The final evaluation or even the feedback that may exist, during the entire trajectory of the participant/student, tends to indicate problems and also the resolution, adjusting the teaching and didactic dynamics employed(17). But, for this to occur, it is indispensable to be impartial in the questions/records, in the environments and opportunities of these assessments, not restricting the participation of any student and potentializing more notes about the course development(44).

In this sense, the evaluation of the participants on the pedagogical proposal of a course must also not only have the character of institutional internal deliberation; it must be included in the final reports of the course and not be restricted to the summary description of data, so that they serve as a basis for new formative proposals(45-46).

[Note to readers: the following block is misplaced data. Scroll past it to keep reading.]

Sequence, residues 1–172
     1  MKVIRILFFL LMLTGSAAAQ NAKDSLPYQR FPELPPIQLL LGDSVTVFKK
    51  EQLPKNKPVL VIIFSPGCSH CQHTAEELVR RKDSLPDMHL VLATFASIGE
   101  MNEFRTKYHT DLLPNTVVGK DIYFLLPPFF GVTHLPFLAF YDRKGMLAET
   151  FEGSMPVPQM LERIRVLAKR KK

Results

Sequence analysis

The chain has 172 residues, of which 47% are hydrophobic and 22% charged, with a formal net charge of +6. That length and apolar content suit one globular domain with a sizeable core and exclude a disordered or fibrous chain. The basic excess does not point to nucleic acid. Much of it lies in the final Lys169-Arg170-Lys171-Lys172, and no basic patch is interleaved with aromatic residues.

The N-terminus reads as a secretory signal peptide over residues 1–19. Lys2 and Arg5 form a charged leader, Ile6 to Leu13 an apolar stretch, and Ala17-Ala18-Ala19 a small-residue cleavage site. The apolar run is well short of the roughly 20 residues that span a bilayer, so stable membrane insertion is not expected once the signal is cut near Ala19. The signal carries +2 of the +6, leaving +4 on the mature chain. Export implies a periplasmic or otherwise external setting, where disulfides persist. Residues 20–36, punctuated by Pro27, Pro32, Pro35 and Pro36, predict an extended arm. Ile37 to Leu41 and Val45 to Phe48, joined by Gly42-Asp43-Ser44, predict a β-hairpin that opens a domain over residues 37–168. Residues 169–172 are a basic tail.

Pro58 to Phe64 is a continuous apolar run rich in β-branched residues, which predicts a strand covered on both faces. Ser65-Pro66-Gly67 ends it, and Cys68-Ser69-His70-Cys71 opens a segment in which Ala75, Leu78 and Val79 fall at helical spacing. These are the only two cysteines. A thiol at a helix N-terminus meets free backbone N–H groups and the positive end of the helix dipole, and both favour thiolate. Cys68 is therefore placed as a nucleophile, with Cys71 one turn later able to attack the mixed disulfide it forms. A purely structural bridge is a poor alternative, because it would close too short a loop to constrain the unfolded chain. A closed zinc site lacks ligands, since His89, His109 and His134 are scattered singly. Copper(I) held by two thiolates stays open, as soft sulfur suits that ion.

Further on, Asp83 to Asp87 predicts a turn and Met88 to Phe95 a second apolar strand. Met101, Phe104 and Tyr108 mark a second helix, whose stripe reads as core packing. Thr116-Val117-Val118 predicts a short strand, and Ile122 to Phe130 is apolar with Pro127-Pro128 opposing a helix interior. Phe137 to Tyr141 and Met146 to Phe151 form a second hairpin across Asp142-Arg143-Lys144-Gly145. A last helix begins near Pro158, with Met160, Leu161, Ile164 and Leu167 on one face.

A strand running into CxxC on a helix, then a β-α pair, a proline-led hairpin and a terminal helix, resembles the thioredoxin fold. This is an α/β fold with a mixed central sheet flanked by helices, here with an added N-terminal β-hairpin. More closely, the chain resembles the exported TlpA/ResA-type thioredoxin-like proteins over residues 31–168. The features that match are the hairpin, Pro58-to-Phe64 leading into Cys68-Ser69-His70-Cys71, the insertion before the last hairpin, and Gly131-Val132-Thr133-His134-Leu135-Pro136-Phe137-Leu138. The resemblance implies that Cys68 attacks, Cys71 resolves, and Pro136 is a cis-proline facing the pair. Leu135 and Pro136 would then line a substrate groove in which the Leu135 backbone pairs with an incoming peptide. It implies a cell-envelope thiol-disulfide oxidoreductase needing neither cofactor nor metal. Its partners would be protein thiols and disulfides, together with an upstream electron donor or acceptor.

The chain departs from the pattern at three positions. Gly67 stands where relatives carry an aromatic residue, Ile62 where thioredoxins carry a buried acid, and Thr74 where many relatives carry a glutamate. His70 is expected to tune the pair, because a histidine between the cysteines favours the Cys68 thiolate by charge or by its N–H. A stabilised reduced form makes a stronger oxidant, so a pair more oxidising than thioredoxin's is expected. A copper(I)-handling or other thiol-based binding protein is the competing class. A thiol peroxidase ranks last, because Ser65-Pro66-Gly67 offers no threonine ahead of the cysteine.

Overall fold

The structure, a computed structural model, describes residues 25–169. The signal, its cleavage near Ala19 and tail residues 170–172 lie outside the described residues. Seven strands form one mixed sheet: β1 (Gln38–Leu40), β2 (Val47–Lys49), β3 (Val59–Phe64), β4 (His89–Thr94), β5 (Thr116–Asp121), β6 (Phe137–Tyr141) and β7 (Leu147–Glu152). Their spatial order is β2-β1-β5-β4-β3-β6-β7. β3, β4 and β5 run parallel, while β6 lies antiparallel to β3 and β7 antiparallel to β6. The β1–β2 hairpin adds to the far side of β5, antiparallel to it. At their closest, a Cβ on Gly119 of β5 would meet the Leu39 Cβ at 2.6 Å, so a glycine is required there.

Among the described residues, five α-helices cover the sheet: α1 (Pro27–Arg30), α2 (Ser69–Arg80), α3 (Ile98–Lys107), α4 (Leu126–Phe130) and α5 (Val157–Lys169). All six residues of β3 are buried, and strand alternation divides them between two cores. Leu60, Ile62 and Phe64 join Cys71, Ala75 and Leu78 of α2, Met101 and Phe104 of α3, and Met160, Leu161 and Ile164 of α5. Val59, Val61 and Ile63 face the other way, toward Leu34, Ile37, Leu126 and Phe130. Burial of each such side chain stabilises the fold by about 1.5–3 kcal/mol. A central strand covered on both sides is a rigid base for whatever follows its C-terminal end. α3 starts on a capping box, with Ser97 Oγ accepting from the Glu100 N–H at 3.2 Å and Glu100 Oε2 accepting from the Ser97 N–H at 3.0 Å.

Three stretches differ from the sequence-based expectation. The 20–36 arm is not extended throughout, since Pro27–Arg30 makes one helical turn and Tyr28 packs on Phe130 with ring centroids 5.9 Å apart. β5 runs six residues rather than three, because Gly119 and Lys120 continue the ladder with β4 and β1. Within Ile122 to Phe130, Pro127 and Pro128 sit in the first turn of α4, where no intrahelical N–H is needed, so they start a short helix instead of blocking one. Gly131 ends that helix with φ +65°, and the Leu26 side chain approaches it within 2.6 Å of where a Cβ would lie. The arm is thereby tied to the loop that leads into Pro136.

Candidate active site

As a limitation of the study, the updating of the model of records stands out during the course editions, which hindered collecting data and gathering information. Even so, the study revealed important findings, which will assist other similar human resource training initiatives to work in the field of drugs.


Final Considerations

The study pointed out that, among the course participants, there was prevalence of female researchers, coming from Brazil and Mexico, with professions in the health sciences area, mainly Nursing, and acting as university teachers. Most of the participants produced and published their scientific studies, generated from the course, inside and outside the Brazilian context. At the end of the specialization activities, they were satisfied with the course taken in all aspects.